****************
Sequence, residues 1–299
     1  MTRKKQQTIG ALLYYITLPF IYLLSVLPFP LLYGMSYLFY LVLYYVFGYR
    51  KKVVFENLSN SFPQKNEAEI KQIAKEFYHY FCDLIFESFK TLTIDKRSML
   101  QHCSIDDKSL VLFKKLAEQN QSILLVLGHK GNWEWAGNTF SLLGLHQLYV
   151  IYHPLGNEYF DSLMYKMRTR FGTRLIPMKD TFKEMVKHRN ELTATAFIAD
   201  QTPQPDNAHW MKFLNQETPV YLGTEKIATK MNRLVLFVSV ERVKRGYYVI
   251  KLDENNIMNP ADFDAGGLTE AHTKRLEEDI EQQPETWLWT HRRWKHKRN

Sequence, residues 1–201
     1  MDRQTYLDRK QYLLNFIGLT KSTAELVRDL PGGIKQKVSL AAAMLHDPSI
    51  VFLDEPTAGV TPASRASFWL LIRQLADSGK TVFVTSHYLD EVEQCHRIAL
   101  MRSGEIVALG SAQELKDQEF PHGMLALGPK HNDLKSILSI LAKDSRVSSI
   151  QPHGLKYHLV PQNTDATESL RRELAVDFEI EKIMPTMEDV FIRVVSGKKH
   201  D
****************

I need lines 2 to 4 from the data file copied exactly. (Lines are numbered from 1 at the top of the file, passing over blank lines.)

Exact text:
     1  MTRKKQQTIG ALLYYITLPF IYLLSVLPFP LLYGMSYLFY LVLYYVFGYR
    51  KKVVFENLSN SFPQKNEAEI KQIAKEFYHY FCDLIFESFK TLTIDKRSML
   101  QHCSIDDKSL VLFKKLAEQN QSILLVLGHK GNWEWAGNTF SLLGLHQLYV